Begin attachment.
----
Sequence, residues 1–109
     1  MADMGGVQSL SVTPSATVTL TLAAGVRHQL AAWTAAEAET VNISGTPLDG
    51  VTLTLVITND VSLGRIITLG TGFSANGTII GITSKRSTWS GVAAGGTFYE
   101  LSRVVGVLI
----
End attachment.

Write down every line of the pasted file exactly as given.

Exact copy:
Sequence, residues 1–109
     1  MADMGGVQSL SVTPSATVTL TLAAGVRHQL AAWTAAEAET VNISGTPLDG
    51  VTLTLVITND VSLGRIITLG TGFSANGTII GITSKRSTWS GVAAGGTFYE
   101  LSRVVGVLI